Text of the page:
is 10 MB second normal for a USB 2 drive?

Discussion in 'Mac Basics and Help' started by swingerofbirch, Jun 27, 2007.

  1. swingerofbirch macrumors 68040

    Oct 24, 2003
    The Amalgamated States of Central North America
    I backed up my iMac HD today to a new external hard disk. It's a Western Digital My Book Personal Edition 160 GB USB 2.

    I know it's not the fanciest model but to back up 123 GB of data it took 3.5 hours. Is that normal? I used SuperDuper and it said it was averaging 10-11 MB per second transfer.

    I called Western Digital and the guy said if I wanted speed I should have gone with FireWire. He said USB 2 has bursts of 60 MB per second, but that 10 MB per second was pretty average. I thought it was 480 as a burst level?

    I kind of remember that USB 1 had a limit of 12 MB/ it possible for some reason it was only running at USB 1 speeds? I'm using an iMac C2D which has USB 2 of course, and the cable I used I presume is USB 2 compatible as it came with the HD.
  2. plinden macrumors 68040


    Apr 8, 2004
    USB max is 480 Mb/s (that's Megabits) is 60 MB/s, so that is right. USB 1.1 had a 12Mb/s max transfer rate.

    As for sustained transfer rates, I get about 38MB/s reading and 30MB/s writing with Firewire 400 on my external drive.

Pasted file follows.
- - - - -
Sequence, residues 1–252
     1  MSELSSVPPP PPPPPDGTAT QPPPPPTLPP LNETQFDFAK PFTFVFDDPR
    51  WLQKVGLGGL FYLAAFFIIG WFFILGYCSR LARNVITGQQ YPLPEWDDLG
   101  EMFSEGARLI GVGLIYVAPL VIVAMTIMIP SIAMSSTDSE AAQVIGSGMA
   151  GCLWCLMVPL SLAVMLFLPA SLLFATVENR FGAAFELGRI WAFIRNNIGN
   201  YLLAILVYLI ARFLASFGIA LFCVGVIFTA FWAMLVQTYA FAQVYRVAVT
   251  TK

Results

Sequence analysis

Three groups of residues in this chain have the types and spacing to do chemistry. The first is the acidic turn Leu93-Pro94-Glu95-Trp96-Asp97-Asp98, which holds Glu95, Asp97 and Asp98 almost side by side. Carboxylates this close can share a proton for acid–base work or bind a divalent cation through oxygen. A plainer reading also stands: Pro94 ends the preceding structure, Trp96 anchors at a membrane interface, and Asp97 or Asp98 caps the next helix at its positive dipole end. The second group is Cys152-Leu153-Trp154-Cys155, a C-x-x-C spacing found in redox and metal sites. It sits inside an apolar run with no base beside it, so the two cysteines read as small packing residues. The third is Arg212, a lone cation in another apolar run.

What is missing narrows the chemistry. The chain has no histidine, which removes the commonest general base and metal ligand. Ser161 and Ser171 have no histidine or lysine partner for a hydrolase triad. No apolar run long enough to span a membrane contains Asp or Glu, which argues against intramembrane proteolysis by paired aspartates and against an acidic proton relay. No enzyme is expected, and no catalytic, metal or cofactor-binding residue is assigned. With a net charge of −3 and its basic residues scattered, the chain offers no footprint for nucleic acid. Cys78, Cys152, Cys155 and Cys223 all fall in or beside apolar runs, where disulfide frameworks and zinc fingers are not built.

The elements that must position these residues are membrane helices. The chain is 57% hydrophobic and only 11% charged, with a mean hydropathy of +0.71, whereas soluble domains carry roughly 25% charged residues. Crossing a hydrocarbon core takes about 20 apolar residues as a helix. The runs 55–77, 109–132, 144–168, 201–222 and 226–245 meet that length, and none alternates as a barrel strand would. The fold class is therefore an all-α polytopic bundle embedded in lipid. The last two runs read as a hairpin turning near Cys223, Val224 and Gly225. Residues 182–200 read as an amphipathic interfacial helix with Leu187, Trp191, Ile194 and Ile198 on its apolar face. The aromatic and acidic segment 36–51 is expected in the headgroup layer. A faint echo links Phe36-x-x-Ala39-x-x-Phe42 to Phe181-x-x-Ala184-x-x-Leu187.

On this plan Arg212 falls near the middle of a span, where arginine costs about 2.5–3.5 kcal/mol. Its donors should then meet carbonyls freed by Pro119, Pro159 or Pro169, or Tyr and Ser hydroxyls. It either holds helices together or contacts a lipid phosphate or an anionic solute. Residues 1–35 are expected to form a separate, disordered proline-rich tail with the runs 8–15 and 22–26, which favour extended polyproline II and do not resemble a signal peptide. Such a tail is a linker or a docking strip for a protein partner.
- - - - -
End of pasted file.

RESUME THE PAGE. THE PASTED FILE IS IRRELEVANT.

The same drive with USB 2 is 14MB/s reading and writing.

    That's copying a large 1.5GB file. Transfering lots of small files (as you do when backing up a HDD) would lower the average.
  3. Schroedinger macrumors regular


    Feb 12, 2004
    Baltimore, MD
    I agree with Plinden. Also, there are other factors to take into account, such as whether the drive in question is busy doing anything else, whether your system is doing anything else, yada yada. You're as likely to get full transfer speeds as you are likely to get the quoted battery life of an ipod.

    However, I don't think you made a bad choice. I use firewire for external media that contains, well, any sort of media files. I'll use external USB 2 for back ups b/c you aren't going to be doing giant full back ups too often (I hope). With an incremental back up system, especially an automated one, those slow speeds won't be an issue and the cost per gig is better and hopefully you'll never need to get info back off of it (and if you do, you'll just be happy to have it.)

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